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My Lucky Charm

There’s a photo of my great aunt getting married in the early 1950s. She’s wearing a dark suit and it’s all a bit austere - the rationing of the war still lingers. She’s not carrying a bouquet – instead, she’s holding ribbons from which dangle a silver horseshoe, a wooden spoon, and a rolling pin. They were given for luck and as a symbol of her domestic future. I reckon she should have given back the spoon and rolling pin - possibly violently. But we love the horseshoe!

Photo Credit: Celebrate The Year.

Of course, today’s brides with their exquisitely coordinated ensembles may not be too keen to carry the last-minute gift of a fancy horseshoe (although personally I love this idea...) but it’s a shame to ditch them completely. Good luck horseshoes used to be everywhere at weddings. In the confetti, on the napkins and the cake, on congratulations cards, sometimes even sewn into the hem of the bride’s dress.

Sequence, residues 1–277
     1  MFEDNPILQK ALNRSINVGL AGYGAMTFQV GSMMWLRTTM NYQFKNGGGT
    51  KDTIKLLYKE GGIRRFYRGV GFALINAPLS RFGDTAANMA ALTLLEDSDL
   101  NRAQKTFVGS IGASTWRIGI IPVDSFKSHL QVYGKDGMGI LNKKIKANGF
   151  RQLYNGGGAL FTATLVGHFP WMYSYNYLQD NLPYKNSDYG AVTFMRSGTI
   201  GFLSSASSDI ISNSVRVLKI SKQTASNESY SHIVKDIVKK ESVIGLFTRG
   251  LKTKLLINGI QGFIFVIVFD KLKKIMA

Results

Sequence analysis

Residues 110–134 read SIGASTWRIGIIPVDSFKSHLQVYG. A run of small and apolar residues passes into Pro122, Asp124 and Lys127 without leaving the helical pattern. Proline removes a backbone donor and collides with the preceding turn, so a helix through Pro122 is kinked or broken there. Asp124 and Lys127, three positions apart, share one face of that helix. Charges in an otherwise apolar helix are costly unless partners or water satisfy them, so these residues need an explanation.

Photo Credit: Wedding in a Teacup

Since forever, the iron horseshoe has been a protective and good luck talisman. You were supposed to find one that had been thrown by a horse, not buy a new one. People would nail them at their doors to bring good fortune and to protect the house from bad fairies and witches (fairy folk hate iron). The English and Irish nail horseshoes with the ends upwards, to keep good luck inside; other countries nail them the other way round, so that good luck can shower out.

Photo Credit: Wedding in a Teacup

We love that iconic horseshoe shape; it balances and echoes the heart shape. We love the lucky seven nail holes (we’re itching to thread some Teacup ribbon through them!). Horseshoes are perfect for natural, country-style weddings, or simply those with a retro twist. And who’s going to turn down the chance of good luck at their nuptials? Bring back the horseshoe!

Photo Credit: Wedding in a Teacup

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